I’m a Twitter fan and I think it’s good for business. I admit that the speed of the feed and the noise level can be a problem but good things manage to get through all the time. Of all of the social media channels, Twitter is the one I use most for discovery. I’ve found new bloggers to follow and I’ve hooked up with app developers and other marketers — it’s a good channel for me.
As for our old friend / foe Facebook. . .
I don’t know who came up with this number but I find it hard to believe that 1,000 likes lead to 1,400 pageviews a day. Maybe this was before Facebook sent all of our Page posts in to the cornfield. Certainly, a higher number of likes should lead to an increase in traffic but 185% is a crazy number. I guess it also depends on your category. 1,000 likes on a new movie page is bound to convert more than 1,000 likes on a page for a new soft drink.
What do you think? Are they in the ball park with these numbers?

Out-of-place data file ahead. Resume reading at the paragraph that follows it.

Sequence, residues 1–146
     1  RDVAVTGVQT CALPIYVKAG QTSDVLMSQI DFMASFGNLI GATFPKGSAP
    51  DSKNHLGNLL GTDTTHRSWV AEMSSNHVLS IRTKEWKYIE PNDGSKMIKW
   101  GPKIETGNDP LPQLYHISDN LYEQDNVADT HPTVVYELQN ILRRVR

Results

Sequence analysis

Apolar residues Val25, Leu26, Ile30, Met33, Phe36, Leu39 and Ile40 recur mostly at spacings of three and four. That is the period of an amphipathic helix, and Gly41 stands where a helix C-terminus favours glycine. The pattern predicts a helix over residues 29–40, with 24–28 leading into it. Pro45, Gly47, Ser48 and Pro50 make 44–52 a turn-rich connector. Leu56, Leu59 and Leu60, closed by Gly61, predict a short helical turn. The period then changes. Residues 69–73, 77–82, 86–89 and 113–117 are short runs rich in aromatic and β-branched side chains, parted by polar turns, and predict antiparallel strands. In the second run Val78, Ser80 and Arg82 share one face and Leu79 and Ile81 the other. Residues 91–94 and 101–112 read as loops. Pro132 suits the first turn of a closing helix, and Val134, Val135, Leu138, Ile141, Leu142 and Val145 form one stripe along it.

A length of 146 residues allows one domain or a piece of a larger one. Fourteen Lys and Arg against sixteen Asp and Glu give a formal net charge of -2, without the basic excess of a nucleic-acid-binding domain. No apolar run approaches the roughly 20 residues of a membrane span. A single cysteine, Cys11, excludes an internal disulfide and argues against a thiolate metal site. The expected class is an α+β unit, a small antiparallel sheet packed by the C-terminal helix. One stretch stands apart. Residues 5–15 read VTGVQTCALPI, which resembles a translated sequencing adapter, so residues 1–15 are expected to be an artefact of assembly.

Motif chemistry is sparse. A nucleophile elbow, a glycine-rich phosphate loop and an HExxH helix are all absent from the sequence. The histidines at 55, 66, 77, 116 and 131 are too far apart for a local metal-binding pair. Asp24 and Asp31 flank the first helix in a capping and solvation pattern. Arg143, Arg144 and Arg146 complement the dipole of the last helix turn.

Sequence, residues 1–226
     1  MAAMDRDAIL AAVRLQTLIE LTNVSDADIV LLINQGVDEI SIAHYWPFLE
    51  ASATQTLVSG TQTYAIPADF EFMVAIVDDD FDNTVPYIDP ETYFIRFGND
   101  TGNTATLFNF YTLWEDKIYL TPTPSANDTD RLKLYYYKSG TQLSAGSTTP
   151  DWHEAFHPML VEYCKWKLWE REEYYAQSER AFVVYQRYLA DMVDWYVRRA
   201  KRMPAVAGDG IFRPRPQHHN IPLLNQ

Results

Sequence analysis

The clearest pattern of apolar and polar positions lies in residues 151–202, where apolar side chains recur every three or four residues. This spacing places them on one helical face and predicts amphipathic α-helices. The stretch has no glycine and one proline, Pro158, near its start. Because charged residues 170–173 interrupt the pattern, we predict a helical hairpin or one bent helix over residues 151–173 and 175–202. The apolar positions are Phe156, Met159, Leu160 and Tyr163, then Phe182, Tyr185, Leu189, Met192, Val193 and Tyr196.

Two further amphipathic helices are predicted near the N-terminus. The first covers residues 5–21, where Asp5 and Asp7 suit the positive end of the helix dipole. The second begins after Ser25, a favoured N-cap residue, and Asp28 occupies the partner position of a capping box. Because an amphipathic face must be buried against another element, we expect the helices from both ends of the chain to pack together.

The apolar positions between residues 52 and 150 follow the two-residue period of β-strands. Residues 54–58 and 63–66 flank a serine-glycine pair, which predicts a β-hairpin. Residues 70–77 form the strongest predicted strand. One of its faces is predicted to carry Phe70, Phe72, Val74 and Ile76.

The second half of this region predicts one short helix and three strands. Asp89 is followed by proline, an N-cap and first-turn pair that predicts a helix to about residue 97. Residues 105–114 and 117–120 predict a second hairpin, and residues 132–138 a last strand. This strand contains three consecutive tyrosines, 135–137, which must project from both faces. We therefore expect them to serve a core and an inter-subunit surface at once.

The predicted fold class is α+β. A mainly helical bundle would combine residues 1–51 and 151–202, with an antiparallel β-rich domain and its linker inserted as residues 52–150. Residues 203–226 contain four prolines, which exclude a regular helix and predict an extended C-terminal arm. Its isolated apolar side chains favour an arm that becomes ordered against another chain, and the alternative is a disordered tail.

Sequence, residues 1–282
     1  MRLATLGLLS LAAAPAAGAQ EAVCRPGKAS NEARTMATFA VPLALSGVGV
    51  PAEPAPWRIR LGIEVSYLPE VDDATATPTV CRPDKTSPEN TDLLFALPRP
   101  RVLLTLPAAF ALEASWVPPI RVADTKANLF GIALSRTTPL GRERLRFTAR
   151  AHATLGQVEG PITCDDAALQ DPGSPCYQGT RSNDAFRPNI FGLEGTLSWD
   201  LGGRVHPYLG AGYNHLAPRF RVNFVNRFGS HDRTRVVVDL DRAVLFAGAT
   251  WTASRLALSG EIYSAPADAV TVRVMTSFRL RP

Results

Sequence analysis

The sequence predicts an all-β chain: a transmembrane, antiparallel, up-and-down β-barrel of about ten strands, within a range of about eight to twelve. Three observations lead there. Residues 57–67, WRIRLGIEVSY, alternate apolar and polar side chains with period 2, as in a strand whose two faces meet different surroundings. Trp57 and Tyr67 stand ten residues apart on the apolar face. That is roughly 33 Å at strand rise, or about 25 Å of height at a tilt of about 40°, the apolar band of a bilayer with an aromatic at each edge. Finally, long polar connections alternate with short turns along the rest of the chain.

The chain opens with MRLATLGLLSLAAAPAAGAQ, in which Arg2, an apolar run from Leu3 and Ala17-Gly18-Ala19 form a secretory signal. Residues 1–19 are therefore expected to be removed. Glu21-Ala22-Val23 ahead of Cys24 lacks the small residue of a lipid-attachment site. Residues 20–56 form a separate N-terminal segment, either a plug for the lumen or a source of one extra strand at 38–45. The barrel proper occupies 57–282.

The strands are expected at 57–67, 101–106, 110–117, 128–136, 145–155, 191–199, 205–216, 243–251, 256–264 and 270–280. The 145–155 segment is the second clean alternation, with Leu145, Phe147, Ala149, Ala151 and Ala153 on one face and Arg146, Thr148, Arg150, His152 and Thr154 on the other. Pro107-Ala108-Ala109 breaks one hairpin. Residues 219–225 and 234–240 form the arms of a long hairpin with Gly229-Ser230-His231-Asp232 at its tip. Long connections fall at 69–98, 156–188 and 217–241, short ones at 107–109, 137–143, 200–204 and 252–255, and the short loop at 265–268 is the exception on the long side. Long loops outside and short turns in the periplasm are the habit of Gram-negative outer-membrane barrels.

So not true.
Tools like HootSuite have made it easier to handle multiple accounts from one place, but it’s still not a ten minute task – not if you’re doing it right. First of all, simply putting up duplicate posts on Twitter, Facebook and Google+ is a waste of time. If you’re also covering the secondary sites such as Pinterest, Tumblr or Instagram, social media marketing can be a full-time job.
Looking at this slice from the Cox infographic, it’s good to see that spending more time on social media does make a difference. I’d hate to think that all this effort is going to waste.
The important takeaway is that you need to make social media as personal as possible. That means responding to comments, especially negative ones; sharing assets from others including reTweets and Facebook shares, and doing your best to keep the conversation from sounding like a two-hour infomercial for your brand.
Got all that? Now go out there and show us how it’s done. . . then come back here and tell me how you did it. I’m always open to learning new things.